In recent days, Rush Limbaugh has called attention to the sharp-elbowed way in which the Democratic leadership forced former Marine major and Iraq war veteran Paul Hackett out of the race for U.S. senator from Ohio, installing Cong. Sherrod Brown in his place.
On Feb. 12, The Oregonian’s public editor explained to readers his newspaper’s decision on the cartoons (excerpt):
After a show-opening promo of a segment on frigid winter temperatures, ABC "Good Morning America" co-host Charles Gibson's first words this morning were:
Limbaugh read about half the column over the air. But he left out the half that made clear that the N&O columnist was satirizing the Cheney affair. Not quoted, for instance, was this line: "When obstinate countries declare their unwillingness to negotiate with Secretary of State Condi Rice, all we have to do is roll out Deadeye Dick."
So it was that line that was supposed to clue us all in that it was a fake article? It reads just like any other moonbat column to me. 500 people responded to the article, all failing to pick it up as "satire."
Here are some tips for other journalists wanting to practice writing fake news:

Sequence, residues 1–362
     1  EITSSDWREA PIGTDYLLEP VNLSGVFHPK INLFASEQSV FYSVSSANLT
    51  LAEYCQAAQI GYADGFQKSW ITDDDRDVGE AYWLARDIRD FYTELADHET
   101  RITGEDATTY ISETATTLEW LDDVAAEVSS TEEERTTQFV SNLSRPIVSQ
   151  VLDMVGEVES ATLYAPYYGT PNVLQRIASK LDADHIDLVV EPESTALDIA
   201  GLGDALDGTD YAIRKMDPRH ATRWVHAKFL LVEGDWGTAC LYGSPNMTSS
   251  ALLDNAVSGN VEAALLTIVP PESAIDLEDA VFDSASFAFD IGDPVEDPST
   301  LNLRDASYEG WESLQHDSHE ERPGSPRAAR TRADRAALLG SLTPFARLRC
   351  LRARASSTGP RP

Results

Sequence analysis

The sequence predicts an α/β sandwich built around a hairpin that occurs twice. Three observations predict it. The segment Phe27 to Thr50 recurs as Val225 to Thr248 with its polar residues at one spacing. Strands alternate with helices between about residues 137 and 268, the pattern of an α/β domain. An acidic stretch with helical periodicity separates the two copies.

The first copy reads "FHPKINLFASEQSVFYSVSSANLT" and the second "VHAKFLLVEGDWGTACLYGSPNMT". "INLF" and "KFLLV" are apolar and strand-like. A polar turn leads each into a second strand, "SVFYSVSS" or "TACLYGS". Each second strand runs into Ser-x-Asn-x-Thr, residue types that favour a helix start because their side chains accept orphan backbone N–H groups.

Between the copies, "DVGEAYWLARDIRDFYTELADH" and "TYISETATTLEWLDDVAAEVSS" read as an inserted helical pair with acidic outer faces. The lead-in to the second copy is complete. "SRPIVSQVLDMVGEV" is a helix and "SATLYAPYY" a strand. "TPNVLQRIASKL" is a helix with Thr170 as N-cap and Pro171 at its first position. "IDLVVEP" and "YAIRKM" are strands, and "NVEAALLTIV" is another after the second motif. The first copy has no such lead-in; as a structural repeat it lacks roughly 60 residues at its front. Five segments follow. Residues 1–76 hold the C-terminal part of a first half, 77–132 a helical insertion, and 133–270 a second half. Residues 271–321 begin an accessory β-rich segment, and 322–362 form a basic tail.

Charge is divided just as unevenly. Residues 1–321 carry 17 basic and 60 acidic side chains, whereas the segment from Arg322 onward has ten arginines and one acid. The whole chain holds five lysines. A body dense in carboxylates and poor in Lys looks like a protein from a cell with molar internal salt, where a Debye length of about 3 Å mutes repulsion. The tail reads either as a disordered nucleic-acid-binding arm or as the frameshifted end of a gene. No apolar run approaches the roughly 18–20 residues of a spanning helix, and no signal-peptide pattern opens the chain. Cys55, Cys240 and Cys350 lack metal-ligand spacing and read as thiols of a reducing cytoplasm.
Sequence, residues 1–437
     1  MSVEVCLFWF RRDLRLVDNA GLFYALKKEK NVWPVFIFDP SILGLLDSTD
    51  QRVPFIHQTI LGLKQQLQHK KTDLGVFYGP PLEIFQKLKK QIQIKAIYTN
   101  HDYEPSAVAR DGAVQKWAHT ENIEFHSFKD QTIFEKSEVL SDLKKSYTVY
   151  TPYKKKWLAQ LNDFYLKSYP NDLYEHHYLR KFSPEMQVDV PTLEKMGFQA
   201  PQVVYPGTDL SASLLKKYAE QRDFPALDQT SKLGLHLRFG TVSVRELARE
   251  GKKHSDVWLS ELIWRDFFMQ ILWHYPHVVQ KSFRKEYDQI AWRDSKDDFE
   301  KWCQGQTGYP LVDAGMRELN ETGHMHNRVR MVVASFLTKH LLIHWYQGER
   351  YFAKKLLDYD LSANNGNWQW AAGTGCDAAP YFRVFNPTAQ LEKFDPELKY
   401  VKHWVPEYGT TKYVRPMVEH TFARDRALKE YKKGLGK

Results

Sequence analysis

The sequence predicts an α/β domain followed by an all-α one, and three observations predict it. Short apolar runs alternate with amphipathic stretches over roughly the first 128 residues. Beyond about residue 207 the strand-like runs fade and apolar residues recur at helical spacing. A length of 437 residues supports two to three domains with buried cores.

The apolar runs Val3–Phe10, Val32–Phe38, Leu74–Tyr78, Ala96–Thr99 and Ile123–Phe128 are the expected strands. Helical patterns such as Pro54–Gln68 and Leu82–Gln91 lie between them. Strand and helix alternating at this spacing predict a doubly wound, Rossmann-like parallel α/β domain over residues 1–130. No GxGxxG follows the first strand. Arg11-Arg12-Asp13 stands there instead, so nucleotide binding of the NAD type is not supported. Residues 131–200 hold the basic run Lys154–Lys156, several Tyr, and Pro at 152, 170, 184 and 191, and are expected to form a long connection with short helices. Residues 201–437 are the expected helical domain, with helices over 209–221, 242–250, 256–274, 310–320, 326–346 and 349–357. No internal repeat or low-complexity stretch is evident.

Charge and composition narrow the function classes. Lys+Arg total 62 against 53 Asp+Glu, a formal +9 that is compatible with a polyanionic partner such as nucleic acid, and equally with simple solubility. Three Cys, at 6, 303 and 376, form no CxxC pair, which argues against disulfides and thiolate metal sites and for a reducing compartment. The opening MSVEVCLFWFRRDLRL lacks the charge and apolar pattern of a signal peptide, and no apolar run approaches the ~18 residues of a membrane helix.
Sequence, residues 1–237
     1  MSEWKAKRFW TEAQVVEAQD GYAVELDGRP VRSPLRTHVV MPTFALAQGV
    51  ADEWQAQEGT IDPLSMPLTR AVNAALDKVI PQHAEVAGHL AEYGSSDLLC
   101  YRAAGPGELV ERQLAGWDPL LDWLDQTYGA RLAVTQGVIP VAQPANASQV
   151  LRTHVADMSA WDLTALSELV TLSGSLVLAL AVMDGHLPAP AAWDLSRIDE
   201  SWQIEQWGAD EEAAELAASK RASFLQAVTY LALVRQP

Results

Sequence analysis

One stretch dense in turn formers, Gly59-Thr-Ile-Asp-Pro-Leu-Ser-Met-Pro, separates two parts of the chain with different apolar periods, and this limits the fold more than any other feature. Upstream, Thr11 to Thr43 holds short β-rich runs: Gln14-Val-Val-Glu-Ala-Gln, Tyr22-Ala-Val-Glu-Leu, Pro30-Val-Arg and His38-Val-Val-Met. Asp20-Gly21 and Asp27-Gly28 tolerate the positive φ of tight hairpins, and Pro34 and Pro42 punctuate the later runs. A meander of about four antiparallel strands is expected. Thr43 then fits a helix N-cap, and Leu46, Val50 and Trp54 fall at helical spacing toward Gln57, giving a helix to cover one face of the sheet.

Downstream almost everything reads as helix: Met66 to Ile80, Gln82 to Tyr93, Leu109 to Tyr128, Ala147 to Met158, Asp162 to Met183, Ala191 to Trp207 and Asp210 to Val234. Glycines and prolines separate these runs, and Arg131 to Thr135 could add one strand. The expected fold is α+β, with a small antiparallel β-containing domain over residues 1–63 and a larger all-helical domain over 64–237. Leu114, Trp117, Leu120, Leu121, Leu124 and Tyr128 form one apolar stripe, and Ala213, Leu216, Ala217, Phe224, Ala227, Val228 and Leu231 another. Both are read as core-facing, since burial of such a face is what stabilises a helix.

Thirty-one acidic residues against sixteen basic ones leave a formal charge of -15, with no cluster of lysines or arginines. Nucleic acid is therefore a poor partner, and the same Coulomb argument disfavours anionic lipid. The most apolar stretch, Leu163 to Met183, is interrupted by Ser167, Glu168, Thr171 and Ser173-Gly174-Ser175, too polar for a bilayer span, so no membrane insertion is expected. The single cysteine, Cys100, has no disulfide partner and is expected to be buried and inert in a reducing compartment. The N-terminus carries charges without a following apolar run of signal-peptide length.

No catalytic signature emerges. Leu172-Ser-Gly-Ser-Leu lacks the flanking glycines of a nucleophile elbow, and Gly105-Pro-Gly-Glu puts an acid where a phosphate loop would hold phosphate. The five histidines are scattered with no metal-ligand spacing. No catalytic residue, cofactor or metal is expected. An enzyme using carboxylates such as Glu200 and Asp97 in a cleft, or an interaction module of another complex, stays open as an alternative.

- If you print fake news "satire" where truthful facts should reside, don't be surprised when it comes back to bite you.
- If you want to risk the credibility of your newspaper on making a political point, there is no need to ask later what happened to your credibility and subscriber base.
- You can act like The Daily Show but you won't get their accolades, age group or the ratings that they have, and you aren't even close to being as funny.
- What comes around, goes around.
The front page of the Times Sunday Business section is dominated by reporter Landon Thomas Jr.’s profile of conspiracy-mongering author John Perkins (“Confessions of an Economic Hit Man).”
In “Confessing to the Converted -- How a Book Tries to Tap Into Fears of ‘Corporatocracy,” Thomas begins:
According to the Daily Times of Pakistan (hat tip to the American Thinker), former President Bill Clinton stated to reporters in Islamabad last Friday that the publishers responsible for the Muslim cartoons that have started riots around the world should be convicted. Yet, despite this call by a former president to limit the freedom of the press, America’s media have paid virtually no attention to Clinton’s declarations.
As reported by the Daily Times: “Talking to reporters after meeting Prime Minister Shaukat Aziz in Islamabad, Clinton said he disagreed with the caricatures and that the publication was against religious and ethical norms.”
Some people may have been wondering if the nine-day old Dick Cheney hunting story would be going away. Don’t count on it.
"Try not to laugh when someone says these are the world’s greatest athletes, despite a paucity of blacks that makes the Winter Games look like a GOP convention."